Everyone I know who grows flowers likes to bring them into the house, at least every once in a while. Fresh flowers always look great for the first few days, so it’s hard to imagine what all the fuss is about when people go on about the art and science of flower arrangement. Although, it becomes clear that they had a point a few days later as flowers flop over, petals start dropping and the water clouds up and smells like a musty swamp.
As you might expect, the most important part of a beautiful, lasting bouquet is healthy flowers. Annuals are inexpensive when purchased in packs in the spring. An even more affordable option is to start a few from seed in the spring. A few good choices that hold up well are: zinnias, cosmos and dahlias. Of course, perennials such as roses, peonies, Queen Anne’s lace, coneflower and black-eyed Susans also make great arrangements.
Before you cut anything, be sure your tools are clean and sharp. While it is very romantic to think about strolling around cutting and placing each flower in a basket, don’t do it, because each one will start drying out the minute it’s snipped. Instead, carry a clean container of water with you and put the cut flowers in there as you go. (Don’t use a metal container if you’re going to use flower food because the two can sometimes react.)
Once you have all the flowers you’d like, take them inside and clean all of the foliage off the part of the stem that will be below the waterline. Otherwise, that foliage will be a breeding ground for the bacteria that fouls up the water. As you go, return each flower to the water.
After you’ve chosen a vase, arrange your flowers like the pros by thinking of your design as having layers of colors and textures, rather than looking like a top-heavy ice cream cone. The trick to this is to insert flowers at a variety of angles as you go to create a wider, horizontal look. Most designers accomplish this by using some kind of underwater grid to hold the flowers in place. Florists sell pieces for this purpose, or you can use woody branches and twigs from your garden.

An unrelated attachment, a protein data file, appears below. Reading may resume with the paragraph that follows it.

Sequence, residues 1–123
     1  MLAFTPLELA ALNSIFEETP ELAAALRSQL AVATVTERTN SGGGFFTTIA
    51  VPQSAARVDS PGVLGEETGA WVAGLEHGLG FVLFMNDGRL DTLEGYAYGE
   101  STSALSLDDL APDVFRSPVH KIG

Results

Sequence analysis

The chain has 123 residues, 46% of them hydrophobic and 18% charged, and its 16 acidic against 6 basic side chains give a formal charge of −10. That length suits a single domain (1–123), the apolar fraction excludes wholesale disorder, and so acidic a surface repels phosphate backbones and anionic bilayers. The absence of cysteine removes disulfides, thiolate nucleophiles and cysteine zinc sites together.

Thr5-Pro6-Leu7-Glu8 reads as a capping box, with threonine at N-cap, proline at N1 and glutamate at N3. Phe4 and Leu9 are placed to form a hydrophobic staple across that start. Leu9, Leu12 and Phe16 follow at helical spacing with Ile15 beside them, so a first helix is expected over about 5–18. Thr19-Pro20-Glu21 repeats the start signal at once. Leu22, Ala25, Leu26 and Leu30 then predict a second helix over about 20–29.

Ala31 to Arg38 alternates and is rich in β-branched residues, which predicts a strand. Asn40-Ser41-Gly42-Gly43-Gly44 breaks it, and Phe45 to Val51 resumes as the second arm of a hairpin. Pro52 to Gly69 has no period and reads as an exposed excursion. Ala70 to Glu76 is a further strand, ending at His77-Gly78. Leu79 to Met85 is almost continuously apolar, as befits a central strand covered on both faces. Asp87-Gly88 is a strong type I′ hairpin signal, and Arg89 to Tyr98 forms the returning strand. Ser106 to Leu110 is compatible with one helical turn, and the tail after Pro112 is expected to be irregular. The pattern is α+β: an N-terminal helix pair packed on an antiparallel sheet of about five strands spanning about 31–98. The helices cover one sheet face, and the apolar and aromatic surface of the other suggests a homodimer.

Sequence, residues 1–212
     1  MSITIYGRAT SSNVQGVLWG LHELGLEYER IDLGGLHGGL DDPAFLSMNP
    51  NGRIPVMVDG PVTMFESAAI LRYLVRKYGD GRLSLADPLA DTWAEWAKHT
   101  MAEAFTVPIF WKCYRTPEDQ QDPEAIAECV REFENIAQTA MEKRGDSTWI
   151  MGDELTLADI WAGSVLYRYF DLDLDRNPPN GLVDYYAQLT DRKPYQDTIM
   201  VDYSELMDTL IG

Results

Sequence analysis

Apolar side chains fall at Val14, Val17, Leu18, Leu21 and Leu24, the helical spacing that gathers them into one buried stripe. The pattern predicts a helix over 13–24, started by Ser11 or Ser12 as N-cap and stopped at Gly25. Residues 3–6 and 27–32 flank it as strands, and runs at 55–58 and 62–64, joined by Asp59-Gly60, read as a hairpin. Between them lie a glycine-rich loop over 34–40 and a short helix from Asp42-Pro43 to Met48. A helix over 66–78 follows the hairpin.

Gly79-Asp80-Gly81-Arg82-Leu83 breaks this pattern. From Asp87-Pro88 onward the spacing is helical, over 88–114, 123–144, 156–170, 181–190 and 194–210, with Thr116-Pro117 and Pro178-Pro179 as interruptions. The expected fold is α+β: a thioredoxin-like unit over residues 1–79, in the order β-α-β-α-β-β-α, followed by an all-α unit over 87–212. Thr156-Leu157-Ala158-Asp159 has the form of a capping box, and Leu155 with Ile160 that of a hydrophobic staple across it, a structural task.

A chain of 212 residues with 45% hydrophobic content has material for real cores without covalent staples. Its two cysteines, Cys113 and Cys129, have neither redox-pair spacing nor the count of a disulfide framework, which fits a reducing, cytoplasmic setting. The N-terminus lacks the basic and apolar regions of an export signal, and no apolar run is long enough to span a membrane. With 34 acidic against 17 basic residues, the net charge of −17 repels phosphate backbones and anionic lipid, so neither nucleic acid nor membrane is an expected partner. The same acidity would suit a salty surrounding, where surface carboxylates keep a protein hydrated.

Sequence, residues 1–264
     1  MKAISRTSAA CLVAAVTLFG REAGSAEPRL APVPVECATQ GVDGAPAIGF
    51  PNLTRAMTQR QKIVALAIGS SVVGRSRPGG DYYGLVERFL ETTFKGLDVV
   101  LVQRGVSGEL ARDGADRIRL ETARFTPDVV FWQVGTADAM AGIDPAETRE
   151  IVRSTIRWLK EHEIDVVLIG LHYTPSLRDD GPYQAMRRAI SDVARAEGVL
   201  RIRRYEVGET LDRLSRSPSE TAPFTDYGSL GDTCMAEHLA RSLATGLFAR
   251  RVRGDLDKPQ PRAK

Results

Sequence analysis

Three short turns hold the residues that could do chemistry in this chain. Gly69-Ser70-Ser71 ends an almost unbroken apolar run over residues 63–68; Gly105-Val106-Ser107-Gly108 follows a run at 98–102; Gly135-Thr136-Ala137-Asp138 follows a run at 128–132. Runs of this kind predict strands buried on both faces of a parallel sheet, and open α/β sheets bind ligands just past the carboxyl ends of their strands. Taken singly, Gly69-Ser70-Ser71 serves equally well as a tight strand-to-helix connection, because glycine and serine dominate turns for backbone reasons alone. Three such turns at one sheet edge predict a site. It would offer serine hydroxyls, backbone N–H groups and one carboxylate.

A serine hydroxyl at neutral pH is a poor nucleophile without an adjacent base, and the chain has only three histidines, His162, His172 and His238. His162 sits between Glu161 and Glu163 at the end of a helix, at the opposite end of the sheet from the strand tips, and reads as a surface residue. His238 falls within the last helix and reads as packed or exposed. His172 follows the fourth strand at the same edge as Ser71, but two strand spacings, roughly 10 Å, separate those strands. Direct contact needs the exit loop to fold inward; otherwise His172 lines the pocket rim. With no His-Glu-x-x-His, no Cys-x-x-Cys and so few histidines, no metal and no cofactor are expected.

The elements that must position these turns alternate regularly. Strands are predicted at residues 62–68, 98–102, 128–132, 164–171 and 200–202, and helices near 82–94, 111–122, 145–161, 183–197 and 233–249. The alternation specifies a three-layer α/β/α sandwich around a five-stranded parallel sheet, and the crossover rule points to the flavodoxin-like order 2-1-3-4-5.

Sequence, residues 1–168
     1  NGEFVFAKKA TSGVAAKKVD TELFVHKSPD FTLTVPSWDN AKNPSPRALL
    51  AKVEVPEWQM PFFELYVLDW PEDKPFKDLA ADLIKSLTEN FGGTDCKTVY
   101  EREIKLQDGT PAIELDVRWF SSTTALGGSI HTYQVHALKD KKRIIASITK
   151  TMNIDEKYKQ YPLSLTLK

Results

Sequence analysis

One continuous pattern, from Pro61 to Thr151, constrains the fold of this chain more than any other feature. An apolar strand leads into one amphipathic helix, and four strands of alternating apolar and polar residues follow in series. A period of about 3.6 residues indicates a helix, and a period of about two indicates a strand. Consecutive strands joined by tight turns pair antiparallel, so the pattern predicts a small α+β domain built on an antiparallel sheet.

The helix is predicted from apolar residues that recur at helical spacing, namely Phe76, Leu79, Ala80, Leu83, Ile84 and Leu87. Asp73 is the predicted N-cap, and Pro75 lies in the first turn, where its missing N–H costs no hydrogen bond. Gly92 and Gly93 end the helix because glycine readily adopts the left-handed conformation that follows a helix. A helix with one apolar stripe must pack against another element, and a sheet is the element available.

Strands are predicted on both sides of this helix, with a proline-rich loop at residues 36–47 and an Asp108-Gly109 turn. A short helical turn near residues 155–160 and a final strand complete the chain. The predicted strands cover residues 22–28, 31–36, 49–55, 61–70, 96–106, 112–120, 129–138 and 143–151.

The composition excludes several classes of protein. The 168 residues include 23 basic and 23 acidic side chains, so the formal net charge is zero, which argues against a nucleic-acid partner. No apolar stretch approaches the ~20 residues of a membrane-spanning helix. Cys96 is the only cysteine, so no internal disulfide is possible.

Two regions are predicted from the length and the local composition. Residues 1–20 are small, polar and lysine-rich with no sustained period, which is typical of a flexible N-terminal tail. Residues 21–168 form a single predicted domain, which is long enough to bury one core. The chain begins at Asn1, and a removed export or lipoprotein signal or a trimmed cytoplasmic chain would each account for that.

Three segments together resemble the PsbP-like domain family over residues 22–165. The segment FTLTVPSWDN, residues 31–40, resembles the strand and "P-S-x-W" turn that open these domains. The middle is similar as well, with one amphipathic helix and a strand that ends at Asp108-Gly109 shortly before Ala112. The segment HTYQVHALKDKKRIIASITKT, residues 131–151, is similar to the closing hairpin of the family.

Whatever you use for structure, place each structural piece in a random manner. The more you add, the more structure you’ll have. If you have an opaque vase, you can cheat by using a bit of floral foam and sticking stems into that (florists do it all the time). When you’re done, add water and plant food, according to package instructions. If you’ve picked the flowers from your garden and don’t have plant food on hand, don’t rush to the floral shop. Just keep the water fresh and clean by changing it every two to three days.
Final Tips for Keeping Your Flowers Fresh
- Make flowers last by changing the water regularly, usually every two to three days.
- Avoid disturbing your design by putting the sink nozzle into the top of the vase and flushing out the old water before replacing it with new.
- Remember to add plant food and discard faded flowers with each water change. If you don’t want to use chemicals to prolong the life of your flowers, you can try these natural alternatives: adding a penny and an aspirin to the water or adding a combination of 2 tablespoons fresh lemon juice + 1 tablespoon sugar + ½ teaspoon bleach per quart of water. Like the commercial food, these options are designed to kill bacteria, yeasts and fungi while helping water move up the stem and give the flower the sugary food it needs.
Traveling Bouquet Tips
Planning to take a fresh-cut bouquet to a sweetie, friend or event? Run the air conditioner in your car while you drive to help keep flower from wilting in the heat. (Notice how florists always keep fresh flowers in coolers.) Be sure your vase has plenty of fresh water and keep flowers away from open windows. If you’re walking on a hot day, shield your flowers from the sun with an umbrella.
Meleah Maynard is a master gardener and Minneapolis freelance writer.
The Judith Blacklock Encyclopedia of Flower Design by Judith Blacklock. Flower Press 2006.
Sensational Bouquets by Christian Tortu: Arrangements by a Master Floral Designer by Corine Delahaye and Sylvai Thomas. Harry N. Abrams 2001.
Wisteria Design Minneapolis, Minnesota 612-332-0633 wisteriadesign.com